Setting the Best Postage Rates for Catalogs and Direct Mail
The direct marketing industry needs to focus on getting the USPS to set the smartest postage rates for catalogs, magazines, saturation mail for retailers and direct mail. It’s in the best interest of the USPS to respond to guidance from the mailing community because direct mail is a major source of profitable mail volume. The Post Office should be focused on increasing its profitable volume rather than ratcheting up postage rates again and having volume and profits dwindle as a result.
What's wrong with the proposed postage increase? The demand for First Class mail won’t change much when the price of a stamp goes up two cents. When the price goes up, First Class mail volume doesn’t fall off very much. So the USPS achieves an increase in revenue and profits. But direct mail volume is directly tied to costs; a price increase raises break-even points and volume inevitably falls. So the increase in price results in a decrease in volume.
Since direct mail is profitable, it's a big issue whether increasing postage and thereby decreasing volume yields an increase or decrease in profits. The Post Office needs to look back at the last two price increases to see what happened to its revenue and profits as a result. Certainly volume dropped as a direct result of the postage increases; the issue is whether the USPS’s profits also declined, and if so, by how much.
What should the Post Office do to maximize its own profitability in handling all kinds of bulk mail?
First, the USPS needs to study the cause-and-effect relationship between increasing postage, decreasing volume and profitability. If it's done any studies on previous postage increases, this information needs to be made available to direct marketers so that the industry can respond with some insight to this latest postage increase.
Second, the Post Office needs to examine ways to increase the proportion of carrier route mail because that's the easiest and most profitable mail for it to handle. Offering sortation discounts for carrier route mail has revolutionized the relationship between mailers, printers and the Post Office, and created an entire industry around the use of co-mail — allowing mailers to combine their mail with other mailers to achieve savings from maximizing carrier route and other sortation discounts. The Post Office should look to set rates that continue to push mailers to use co-mail and incentivize carrier route discounts.
Lastly, the Post Office needs to not only push existing mailers to take advantage of co-mail technology and delivery, but also find ways to bring in new mailers, especially web-only retailers. It must find ways to provide affordable postage for merchants who are using the web exclusively to engage customers and prospects.
The best way to build profitable bulk mail volume is to reduce rather than increase the postage for carrier route mail. If the Post Office sets the rates for carrier route mail lower and increases the incentive for mailers to join co-mail pools, the entire industry will push toward co-mail and the portion of the most profitable mail — carrier route, sorted mail — will increase.
How will the co-mail industry evolve? Co-mail really didn’t exist a decade ago. At first, mailers sought to find individual partners who had common sizes and mail schedules. Today, both printers and third-party consolidators offer regular co-mail pools.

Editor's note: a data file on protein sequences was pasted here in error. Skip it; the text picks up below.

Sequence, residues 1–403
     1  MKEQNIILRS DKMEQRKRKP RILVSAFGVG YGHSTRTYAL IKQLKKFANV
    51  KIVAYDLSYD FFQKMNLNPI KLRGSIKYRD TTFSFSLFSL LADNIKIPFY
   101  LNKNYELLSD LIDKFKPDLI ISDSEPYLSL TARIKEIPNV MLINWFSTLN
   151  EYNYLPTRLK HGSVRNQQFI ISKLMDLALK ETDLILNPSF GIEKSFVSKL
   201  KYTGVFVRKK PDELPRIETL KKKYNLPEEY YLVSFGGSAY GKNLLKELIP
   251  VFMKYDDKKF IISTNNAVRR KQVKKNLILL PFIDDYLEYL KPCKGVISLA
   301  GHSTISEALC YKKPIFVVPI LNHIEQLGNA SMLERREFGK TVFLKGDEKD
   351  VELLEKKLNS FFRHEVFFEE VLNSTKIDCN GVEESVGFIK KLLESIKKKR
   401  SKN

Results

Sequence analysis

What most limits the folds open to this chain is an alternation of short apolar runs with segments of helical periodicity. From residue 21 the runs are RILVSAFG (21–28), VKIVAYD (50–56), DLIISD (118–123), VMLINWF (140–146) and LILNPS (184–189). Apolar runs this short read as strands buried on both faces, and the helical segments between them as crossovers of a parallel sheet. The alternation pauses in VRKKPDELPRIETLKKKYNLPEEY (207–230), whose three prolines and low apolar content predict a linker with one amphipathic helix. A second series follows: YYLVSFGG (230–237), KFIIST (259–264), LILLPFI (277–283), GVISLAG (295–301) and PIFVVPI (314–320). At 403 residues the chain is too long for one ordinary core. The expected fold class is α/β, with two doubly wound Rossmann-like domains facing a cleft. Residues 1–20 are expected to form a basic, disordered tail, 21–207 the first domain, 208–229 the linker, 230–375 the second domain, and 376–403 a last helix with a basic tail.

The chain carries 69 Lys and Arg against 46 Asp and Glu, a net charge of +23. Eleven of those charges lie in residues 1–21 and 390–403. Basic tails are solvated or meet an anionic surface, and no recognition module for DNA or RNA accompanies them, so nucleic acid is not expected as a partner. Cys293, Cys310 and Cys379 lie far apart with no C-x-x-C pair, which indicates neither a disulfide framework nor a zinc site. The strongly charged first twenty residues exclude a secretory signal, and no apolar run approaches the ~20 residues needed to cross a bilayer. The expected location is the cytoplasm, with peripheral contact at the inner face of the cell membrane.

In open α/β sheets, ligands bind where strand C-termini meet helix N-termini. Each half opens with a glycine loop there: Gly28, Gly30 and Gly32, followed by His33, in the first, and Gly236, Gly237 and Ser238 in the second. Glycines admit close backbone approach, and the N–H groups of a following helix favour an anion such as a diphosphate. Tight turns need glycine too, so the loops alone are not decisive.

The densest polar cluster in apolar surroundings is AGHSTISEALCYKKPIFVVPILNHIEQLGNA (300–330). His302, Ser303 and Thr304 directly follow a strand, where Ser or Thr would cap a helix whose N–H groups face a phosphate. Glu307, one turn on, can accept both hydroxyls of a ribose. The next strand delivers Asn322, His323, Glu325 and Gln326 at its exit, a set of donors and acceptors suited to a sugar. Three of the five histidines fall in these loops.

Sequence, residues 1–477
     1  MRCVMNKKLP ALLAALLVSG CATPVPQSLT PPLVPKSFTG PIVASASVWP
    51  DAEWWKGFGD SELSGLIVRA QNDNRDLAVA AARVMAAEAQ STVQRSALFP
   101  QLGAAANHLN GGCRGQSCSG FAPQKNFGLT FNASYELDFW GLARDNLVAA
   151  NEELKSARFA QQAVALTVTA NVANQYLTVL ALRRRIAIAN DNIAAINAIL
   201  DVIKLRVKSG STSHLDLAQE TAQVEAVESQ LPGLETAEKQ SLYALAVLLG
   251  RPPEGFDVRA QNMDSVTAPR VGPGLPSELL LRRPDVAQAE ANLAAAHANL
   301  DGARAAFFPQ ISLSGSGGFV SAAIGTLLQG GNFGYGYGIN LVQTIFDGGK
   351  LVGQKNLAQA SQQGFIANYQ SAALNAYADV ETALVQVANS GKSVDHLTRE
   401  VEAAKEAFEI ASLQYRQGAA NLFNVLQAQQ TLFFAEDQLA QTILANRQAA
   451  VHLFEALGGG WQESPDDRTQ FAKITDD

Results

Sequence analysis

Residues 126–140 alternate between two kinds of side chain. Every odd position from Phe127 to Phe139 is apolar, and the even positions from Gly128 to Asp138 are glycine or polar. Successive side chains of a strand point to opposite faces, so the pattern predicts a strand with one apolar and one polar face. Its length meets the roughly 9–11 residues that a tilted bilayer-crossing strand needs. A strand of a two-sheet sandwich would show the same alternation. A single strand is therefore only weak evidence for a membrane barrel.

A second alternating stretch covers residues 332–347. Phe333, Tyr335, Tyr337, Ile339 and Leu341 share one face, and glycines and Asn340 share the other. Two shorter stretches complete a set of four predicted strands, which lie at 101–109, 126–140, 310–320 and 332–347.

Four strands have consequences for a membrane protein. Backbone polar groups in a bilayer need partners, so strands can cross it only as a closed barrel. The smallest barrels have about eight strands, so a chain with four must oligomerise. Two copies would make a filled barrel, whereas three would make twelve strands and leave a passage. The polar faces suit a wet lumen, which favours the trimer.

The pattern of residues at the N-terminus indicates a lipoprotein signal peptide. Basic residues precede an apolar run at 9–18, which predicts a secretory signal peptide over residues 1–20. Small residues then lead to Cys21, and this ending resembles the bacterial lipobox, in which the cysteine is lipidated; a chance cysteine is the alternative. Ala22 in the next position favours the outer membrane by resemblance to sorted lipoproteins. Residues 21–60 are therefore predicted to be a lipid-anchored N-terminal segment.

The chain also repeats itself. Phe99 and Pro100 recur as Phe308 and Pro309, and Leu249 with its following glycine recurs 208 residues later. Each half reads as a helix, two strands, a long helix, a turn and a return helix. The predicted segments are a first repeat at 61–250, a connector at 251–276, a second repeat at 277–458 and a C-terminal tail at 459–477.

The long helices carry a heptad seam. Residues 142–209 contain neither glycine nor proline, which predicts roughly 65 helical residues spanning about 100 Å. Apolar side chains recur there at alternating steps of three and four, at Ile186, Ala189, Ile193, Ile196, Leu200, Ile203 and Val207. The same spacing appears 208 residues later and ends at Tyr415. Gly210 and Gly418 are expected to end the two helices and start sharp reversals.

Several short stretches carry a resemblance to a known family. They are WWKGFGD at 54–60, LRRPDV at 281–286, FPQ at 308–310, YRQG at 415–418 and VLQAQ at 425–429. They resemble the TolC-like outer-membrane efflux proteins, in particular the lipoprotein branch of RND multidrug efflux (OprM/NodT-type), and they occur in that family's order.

The next step for co-mail is a bit of an unknown. Opportunities exist to grow co-mail by combining periodicals and catalogs in common pools, increasing the savings available to larger mailers. But if it makes economic sense to find more ways to bundle mail and achieve carrier-route discounts, printers and mailers will find ways to capture those savings.
What was right and wrong with the Post Office’s “Summer Sales”? Well, thanks to the lobbying efforts of the American Catalog Mailers Association, the Post Office actually crafted a response to the catalog industry. The first step to communication is listening. The good news is that the Post Office listened.
The “Summer Sale” wasn’t perfect — it only included catalogs that increased their prospecting circulation; it only applied to the summer rather than a global reduction in postage; among other things. But at least the Post Office showed a willingness to listen and work with direct marketers to create programs to help increase their mail volumes. Now it's up to the Post Office to listen again and come up with permanent solutions that serve to increase overall profitable mail volume.
I believe the Post Office must take the simple step of decreasing the cost for carrier route mail. Decreasing the cost of carrier route, sorted mail will actually increase volume and accelerate the growth of co-mailing and the technological solutions driving co-mail. Decreasing the cost of carrier route mail will inevitably increase mail volume. Such a gesture would show the direct marketing industry that the Post Office could be a business partner, resulting in not only greater volume but also greater profits for the USPS.
P.S. (because all good direct mail letters have a postscript): The Post Office needs to share its studies of the relationship between bulk mail costs and volume and Post Office profitability. Direct marketers know that as result of the last big postage increase in 2007, volume tanked because mailers simply read their break-even numbers and mailed less. What they don’t know is what happened to USPS profitability based on that diminished volume.
But I’d bet that a close examination of before and after the 2007 price increase would reveal that the Post Office was more profitable before. The reason? It had so much more volume. Imagine the stimulus it would be if the Post Office went back to the “good old days” when postage was 30 percent lower and direct marketers could mail bigger circulations profitably?